High glucose levels increase influenza-associated damage to the pulmonary epithelial-endothelial barrier
Authors: Hulme, Katina D.; Yan, Limin; Marshall, Rebecca J.; Bloxham, Conor J.; Upton, Kyle R.; Hasnain, Sumaira Z.; Bielefeldt-Ohmann, Helle; Loh, Zhixuan; Ronacher, Katharina; Chew, Keng Yih; Gallo, Linda A.; Short, Kirsty R.
Diabetes mellitus is a known susceptibility factor for severe influenza virus infections. However, the mechanisms that underlie this susceptibility remain incompletely understood. Here, the effects of high glucose levels on influenza severity were investigated using an in vitro model of the pulmonary epithelial-endothelial barrier as well as an in vivo murine model of type II diabetes. In vitro we show that high glucose conditions prior to IAV infection increased virus-induced barrier damage. This was associated with an increased pro-inflammatory response in endothelial cells and the subsequent damage of the epithelial junctional complex. These results were subsequently validated in vivo. This study provides the first evidence that hyperglycaemia may increase influenza severity by damaging the pulmonary epithelial-endothelial barrier and increasing pulmonary oedema. These data suggest that maintaining long-term glucose control in individuals with diabetes is paramount in reducing the morbidity and mortality associated with influenza virus infections.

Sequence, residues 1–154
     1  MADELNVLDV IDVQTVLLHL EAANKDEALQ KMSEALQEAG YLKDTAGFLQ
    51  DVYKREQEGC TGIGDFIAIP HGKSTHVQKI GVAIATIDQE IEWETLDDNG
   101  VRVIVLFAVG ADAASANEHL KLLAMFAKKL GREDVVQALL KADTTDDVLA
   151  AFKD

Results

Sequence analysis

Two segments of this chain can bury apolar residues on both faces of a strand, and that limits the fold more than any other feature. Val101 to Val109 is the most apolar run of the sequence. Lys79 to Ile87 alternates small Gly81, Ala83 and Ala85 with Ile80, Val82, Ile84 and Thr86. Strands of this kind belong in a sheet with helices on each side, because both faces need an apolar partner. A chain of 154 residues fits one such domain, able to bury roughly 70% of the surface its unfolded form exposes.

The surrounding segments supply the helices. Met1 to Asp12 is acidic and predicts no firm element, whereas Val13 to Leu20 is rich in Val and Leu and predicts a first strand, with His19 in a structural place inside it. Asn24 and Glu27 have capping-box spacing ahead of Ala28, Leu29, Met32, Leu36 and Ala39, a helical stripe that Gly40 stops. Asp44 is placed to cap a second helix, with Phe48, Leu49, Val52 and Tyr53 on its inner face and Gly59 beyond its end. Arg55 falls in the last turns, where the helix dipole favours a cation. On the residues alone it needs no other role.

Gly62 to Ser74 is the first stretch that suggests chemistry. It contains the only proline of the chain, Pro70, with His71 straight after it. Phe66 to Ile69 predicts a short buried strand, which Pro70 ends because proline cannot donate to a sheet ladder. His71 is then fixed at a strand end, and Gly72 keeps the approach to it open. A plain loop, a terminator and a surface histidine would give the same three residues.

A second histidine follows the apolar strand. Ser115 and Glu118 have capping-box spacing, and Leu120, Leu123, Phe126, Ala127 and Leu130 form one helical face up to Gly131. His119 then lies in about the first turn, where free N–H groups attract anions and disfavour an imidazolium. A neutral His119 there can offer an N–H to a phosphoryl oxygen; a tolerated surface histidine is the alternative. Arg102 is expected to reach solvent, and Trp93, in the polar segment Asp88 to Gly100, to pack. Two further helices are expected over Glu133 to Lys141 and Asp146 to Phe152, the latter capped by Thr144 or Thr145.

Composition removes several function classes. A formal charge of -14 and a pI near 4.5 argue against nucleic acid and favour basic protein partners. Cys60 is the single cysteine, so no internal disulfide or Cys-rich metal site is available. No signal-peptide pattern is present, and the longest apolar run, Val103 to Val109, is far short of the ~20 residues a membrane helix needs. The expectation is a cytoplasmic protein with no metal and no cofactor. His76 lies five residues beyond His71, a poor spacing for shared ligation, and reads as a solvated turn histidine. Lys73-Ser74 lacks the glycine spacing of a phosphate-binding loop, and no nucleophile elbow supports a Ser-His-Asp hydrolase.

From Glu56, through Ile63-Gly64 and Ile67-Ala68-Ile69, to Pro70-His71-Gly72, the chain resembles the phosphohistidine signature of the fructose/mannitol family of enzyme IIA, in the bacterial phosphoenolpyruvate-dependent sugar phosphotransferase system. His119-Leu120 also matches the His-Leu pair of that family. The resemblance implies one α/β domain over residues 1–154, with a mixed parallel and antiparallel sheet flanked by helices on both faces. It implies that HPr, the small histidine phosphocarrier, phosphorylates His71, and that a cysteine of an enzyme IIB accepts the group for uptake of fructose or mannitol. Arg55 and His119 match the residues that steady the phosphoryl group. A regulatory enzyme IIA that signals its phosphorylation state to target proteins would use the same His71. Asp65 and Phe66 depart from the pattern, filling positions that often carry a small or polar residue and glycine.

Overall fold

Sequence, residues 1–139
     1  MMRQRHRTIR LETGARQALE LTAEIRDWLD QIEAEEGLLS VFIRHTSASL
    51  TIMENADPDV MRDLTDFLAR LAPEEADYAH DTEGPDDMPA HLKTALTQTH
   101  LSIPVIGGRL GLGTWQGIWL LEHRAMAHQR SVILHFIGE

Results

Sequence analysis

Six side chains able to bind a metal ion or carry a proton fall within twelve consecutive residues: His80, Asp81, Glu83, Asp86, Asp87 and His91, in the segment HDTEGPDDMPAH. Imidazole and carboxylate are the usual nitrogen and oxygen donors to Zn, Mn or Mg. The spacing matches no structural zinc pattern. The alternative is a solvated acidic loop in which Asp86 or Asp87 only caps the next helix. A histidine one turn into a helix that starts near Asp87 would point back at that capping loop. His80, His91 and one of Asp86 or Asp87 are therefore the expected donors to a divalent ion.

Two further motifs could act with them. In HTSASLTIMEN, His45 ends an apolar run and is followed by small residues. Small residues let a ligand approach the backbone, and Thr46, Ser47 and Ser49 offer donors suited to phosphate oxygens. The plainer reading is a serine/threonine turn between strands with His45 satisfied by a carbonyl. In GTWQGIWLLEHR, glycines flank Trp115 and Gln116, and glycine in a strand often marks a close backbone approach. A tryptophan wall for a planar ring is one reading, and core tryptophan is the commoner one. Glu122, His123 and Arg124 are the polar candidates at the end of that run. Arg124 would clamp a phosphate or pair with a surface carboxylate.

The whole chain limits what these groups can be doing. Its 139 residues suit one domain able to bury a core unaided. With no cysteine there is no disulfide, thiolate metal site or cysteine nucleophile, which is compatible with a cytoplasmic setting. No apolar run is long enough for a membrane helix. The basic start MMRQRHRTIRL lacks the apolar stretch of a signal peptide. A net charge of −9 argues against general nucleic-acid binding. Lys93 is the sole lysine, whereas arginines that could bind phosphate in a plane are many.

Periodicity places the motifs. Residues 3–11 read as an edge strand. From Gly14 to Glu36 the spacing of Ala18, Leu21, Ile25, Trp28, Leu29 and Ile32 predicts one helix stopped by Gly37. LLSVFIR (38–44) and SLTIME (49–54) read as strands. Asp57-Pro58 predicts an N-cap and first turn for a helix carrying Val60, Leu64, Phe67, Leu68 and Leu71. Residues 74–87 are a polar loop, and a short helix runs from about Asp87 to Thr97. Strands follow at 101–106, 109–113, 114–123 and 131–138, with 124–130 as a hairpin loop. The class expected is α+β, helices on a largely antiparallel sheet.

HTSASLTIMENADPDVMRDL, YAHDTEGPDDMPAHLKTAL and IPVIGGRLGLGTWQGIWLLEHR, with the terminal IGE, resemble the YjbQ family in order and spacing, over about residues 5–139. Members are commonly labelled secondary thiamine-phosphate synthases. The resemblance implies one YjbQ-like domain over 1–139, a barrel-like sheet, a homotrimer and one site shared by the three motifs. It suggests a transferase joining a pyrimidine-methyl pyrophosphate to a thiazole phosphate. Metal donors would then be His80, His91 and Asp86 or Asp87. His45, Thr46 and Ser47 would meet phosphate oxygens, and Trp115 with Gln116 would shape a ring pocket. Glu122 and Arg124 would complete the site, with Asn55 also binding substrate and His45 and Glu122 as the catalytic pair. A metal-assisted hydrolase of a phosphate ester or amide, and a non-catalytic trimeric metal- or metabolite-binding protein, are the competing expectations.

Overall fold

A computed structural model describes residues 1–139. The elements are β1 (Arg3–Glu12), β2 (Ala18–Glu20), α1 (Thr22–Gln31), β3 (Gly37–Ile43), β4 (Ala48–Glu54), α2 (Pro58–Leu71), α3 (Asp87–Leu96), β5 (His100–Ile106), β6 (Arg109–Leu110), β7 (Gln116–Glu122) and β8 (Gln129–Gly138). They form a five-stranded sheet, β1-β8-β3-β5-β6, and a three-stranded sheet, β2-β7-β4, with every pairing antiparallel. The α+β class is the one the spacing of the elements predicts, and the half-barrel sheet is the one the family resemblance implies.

Phylogenetic characterization of a reassortant H5N2 influenza A virus from a resident Mexican duck (Anas diazi)
INFECTION GENETICS AND EVOLUTION
Authors: Gaytan-Cruz, Liliana; Mateus-Anzola, Jessica; Montoya-Carrillo, Cecilia; Zarza, Heliot; Garcia-Espinosa, Gary; Ojeda-Flores, Rafael
Congregation of different migratory and resident bird species on aquatic ecosystems during winter migration increases contact rates and enhances influenza A virus (IAV) transmission. However, scarce research has been focused on the resident bird's contribution to the viral ecology at a local scale. The Mexican duck (Anas diazi) is an endemic endangered anatid from Mexico. This resident species shares aquatic habitats with migratory birds in the wetlands of Central Mexico. Therefore, here we describe the phylogenetic analysis of an IAV (A/Mexican duck/EstadodeMexico; Lerma/UIFMVZ377/2016(H5N2)) isolated in this species, during spatiotemporal concurrence with migratory anatids in the winter season. All eight gene sequences were obtained by nextgeneration sequencing. Maximum Likelihood trees were constructed using MEGA-X, with General Time Reversible + Invariant (GTR+I), Subtree Pruning and Regrafting (SPR) heuristic method, and 1000 bootstrap replicates. Similarities with six different IAV subtypes were observed through a BLAST search: H6N5, H7N7, H5N2, H4N6, H9N2, and H11N9, detected in wild ducks during 2015 in the Pacific, Central and Mississippi flyways stop sites across the United States of America and Canada. The molecular identification of this reassortant H5N2 IAV highlights the importance of resident species as a reservoir host and its potential participation in the maintenance and transmission of IAV in wetlands surrounded by rural areas.